Posted: Aug 11, 2010 3:40 PM by Melissa Canone
The Equal Employment Opportunity Commission says employers who
screen job applicants for criminal backgrounds or credit history
cannot do so in a way that disproportionately excludes certain
racial or ethnic groups. An exception is where the company can show
the practice is job-related and "consistent with business
A blanket hiring policy than bars employment for anyone with an
arrest or conviction history is nearly always considered illegal,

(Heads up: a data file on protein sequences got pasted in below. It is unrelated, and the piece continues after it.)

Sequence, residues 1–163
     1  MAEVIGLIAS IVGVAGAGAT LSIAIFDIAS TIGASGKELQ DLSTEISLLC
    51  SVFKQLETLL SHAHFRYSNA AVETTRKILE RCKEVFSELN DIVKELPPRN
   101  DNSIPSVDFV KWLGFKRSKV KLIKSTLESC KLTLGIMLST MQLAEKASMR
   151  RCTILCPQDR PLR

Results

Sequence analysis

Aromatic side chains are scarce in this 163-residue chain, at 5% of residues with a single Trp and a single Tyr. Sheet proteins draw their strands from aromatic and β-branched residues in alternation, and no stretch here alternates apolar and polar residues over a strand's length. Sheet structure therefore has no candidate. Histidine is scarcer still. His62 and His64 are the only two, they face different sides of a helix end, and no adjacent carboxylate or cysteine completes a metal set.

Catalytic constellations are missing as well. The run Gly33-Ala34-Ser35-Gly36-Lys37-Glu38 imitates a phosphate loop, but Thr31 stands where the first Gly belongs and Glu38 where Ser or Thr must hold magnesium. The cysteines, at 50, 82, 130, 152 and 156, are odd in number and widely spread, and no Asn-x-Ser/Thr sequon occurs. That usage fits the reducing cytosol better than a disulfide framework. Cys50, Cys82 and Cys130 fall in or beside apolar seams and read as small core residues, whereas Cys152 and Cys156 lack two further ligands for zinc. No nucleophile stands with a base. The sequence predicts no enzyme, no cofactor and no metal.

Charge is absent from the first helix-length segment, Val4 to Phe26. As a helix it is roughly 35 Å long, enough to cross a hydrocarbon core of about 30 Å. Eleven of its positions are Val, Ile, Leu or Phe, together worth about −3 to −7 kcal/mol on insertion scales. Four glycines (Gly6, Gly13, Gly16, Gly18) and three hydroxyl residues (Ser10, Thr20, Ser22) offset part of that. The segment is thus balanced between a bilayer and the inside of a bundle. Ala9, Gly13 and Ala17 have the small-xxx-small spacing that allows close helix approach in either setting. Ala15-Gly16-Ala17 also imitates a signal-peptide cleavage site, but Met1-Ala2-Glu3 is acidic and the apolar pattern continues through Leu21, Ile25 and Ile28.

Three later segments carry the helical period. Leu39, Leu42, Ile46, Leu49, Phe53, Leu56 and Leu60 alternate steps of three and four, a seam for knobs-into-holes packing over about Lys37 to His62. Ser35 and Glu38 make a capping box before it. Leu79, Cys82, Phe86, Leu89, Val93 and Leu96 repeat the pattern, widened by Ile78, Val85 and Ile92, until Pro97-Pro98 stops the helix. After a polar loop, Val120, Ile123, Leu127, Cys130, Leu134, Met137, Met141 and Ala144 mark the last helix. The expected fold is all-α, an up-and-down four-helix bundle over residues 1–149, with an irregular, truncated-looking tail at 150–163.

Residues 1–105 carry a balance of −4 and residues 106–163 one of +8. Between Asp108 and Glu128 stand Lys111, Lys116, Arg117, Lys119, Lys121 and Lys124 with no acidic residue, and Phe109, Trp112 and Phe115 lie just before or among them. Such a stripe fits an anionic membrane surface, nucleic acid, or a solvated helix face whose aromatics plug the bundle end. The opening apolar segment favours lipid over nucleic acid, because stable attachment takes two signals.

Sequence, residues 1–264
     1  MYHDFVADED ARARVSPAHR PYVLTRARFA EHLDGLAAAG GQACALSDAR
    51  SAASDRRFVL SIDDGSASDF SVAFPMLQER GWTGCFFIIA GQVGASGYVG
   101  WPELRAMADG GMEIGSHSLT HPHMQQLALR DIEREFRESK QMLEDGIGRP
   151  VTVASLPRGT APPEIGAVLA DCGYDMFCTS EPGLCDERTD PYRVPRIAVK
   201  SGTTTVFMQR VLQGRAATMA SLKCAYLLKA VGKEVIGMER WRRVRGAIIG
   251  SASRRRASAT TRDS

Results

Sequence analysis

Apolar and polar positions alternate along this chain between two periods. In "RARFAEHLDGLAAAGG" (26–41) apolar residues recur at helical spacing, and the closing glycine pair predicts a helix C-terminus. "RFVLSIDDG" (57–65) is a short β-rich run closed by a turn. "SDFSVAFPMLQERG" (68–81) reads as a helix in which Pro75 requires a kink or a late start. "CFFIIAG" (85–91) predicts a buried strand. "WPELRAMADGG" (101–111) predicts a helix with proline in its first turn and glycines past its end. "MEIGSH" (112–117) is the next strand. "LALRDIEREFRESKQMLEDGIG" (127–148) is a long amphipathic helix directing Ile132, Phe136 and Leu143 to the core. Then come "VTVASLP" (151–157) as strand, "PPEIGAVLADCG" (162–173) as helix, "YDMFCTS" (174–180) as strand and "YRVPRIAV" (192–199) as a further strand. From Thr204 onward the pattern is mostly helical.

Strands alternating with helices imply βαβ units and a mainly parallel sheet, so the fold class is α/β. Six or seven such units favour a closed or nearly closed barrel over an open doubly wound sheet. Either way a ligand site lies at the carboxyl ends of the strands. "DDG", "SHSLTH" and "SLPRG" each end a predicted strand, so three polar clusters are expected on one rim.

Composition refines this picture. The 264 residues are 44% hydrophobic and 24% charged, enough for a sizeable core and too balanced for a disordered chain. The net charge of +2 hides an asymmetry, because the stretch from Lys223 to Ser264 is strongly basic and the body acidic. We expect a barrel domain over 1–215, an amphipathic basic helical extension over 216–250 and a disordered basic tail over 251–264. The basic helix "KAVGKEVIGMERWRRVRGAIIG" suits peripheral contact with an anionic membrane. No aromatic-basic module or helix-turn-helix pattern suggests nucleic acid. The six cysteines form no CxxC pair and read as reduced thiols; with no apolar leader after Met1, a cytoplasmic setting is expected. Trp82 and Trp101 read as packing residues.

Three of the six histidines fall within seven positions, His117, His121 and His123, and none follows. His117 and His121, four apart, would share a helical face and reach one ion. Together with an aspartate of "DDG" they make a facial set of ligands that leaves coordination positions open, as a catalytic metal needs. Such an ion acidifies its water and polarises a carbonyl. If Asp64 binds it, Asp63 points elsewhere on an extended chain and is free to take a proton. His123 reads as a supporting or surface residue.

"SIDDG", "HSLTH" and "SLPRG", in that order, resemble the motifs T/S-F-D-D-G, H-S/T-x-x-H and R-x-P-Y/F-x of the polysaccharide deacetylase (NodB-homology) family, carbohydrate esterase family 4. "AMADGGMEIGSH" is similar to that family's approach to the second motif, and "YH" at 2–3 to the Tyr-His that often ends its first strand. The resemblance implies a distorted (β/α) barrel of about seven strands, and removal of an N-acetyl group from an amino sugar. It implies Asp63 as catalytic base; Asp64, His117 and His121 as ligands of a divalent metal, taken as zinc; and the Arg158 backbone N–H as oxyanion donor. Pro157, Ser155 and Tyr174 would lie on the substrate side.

the EEOC says, because it discriminates against blacks and
Hispanics, who have arrest and conviction rates greater than
The commission says employers must consider three factors when
looking at criminal records:
-The nature and gravity of the offense.
-How long ago the conviction took place or the time since
completion of any prison sentence.
-Whether the criminal offense is related to the job sought.
While the EEOC has not issued an official policy on credit
checks, it has argued in court that such checks may be illegal if
they have a disparate impact on blacks.
Some courts have held that credit checks are allowed for certain
jobs, such as where an employee handles large amounts of cash, even
if the hiring policy disproportionately screens out black